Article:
Saturday, July 13, 2013

Remember TARP?

For those with short memories, TARP was the Troubled Asset Relief Program of 2008, signed into law by President Bush in late 2008.  It spent about $700 million in taxpayer funds in an effort to help banks weather the financial crisis of 2007/08.

It seems that much was hidden from taxpayers about the true wastefulness and downright fraudulent nature of this program.  Neil Barofsky was the Inspector General of TARP.  Bill Bonner reports that Mr. Barofsky said this to him:

"What did [the banks] do with the money? They were supposed to increase lending to help bring about a recovery. None of them did that. Instead, they used it to repay each other's loans. In other words, they used it to reduce the amount of credit available... not increase it. And they bought US agency bonds... just as you'd expect. And they paid out their bonuses.

"In other words, they looked out for themselves... just as you'd expect. I didn't know this information was going to bring down the banking system...

"The whole thing was so perverse, I can barely believe it. In a normal financial system, if a bank made a bad bet, it would pay a penalty. Counterparties might lend more money to it, but they'd want higher rates of interest to protect themselves.

"But here, in the bubble years, all the big banks made some of the worst bets in history... and what happened? The government stepped in... and lent them money... at lower rates of interest. They were rewarded for their mistakes. The good banks – that didn't have the backing of the government – actually paid higher rates of interest to borrow money than the bad banks.

"Another thing I wanted to know was exactly how much money was really at risk. We gave away $700 billion. But we also guaranteed loans... and gave lines of credit... and stood behind various financial transactions. I asked how much was at stake... how much was at risk. No one seemed to know. So we added it up. We found a total of $23 trillion. That's ‘trillion' with a capital ‘T.'

. . .

"The more questions I asked, the more I found myself isolated... and at odds with the Treasury Department, as well as the banks. I was having shouting matches in the Treasury. The banks hated me. And then the undersecretary of the Treasury called me into his office.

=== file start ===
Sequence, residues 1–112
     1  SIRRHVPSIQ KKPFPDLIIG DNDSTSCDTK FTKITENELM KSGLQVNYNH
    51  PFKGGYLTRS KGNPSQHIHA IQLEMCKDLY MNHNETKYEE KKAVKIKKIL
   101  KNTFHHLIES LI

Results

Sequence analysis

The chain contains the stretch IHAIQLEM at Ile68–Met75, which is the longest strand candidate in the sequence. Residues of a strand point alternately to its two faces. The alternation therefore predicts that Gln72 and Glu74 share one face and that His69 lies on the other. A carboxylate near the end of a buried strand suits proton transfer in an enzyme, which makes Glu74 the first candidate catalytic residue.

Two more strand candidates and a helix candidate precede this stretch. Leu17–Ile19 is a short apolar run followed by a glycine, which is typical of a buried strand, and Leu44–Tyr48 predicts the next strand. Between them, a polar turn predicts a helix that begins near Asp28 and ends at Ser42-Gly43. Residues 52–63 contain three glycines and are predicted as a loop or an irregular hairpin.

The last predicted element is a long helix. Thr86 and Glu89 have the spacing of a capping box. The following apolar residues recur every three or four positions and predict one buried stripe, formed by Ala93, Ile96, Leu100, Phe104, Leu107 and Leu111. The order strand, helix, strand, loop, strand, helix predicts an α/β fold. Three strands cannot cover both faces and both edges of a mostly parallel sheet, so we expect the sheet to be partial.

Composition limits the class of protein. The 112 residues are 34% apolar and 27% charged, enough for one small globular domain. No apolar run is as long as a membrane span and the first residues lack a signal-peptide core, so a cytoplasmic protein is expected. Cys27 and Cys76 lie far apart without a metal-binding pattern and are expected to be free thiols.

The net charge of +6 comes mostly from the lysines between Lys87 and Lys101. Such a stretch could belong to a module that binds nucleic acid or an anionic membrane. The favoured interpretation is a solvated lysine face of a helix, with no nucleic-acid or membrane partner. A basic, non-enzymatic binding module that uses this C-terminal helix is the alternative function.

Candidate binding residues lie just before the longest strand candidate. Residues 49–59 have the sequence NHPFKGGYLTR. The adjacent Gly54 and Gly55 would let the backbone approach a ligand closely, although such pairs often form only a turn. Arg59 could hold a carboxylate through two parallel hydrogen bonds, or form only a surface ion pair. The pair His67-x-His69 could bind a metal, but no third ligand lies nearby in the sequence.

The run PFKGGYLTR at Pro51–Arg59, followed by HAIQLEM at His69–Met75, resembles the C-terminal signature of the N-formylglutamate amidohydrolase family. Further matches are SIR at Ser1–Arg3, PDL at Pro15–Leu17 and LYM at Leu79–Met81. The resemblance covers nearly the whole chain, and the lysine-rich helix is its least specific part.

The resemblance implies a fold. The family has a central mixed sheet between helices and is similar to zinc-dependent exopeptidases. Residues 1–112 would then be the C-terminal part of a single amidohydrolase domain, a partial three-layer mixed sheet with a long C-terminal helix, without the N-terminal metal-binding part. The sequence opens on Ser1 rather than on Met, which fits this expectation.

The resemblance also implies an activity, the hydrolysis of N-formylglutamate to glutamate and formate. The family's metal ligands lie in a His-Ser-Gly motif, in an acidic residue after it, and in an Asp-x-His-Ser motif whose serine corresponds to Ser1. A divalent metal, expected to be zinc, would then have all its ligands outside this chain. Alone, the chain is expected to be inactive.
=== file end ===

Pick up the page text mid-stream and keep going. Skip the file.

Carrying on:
"He explained that if I eased up on the banks, I could have a very nice career after the TARP appointment expired. If I didn't play ball with them, I would find it hard to find a job.

"That's how it works. You go along and you get along. If you don't go along with the scams and the technical mumbo jumbo... you're out."

There's more at the link.  Highly recommended (albeit infuriating) reading.

And this is the Washington bureaucracy we're trusting to fix our current economic woes . . . after having seen the monumental foul-up they produced with TARP and subsequent programs.  Tell me again how successful this is going to be, if only we trust Big Government to do its job and leave them to get on with it while we pay our taxes like good little boys and girls?



Mark/GreyLocke said...

I preferred the Toxic Asset Relief Program over the Troubled Asset Relief Program

Rolf said...

Have the central banks buy up all the government bonds, then write them off. Write off the bad debts. Shoot the bankers. Ban bailouts. Balance the budgets. Unwind all bank leverage. Shoot the bankers. Term limits. Jail the congress-critters that voted AYE to let it all happen. And then start getting serious about punishment.

PapaMAS said...

The older I get the more I return to the "simplistic" views of my youth, i.e., there is black and white, right and wrong. Having government and big business working together only results in deals in which those government officials and businessmen involved benefit and everyone else gets screwed. The sad part is this gets blamed on capitalism, not cronyism.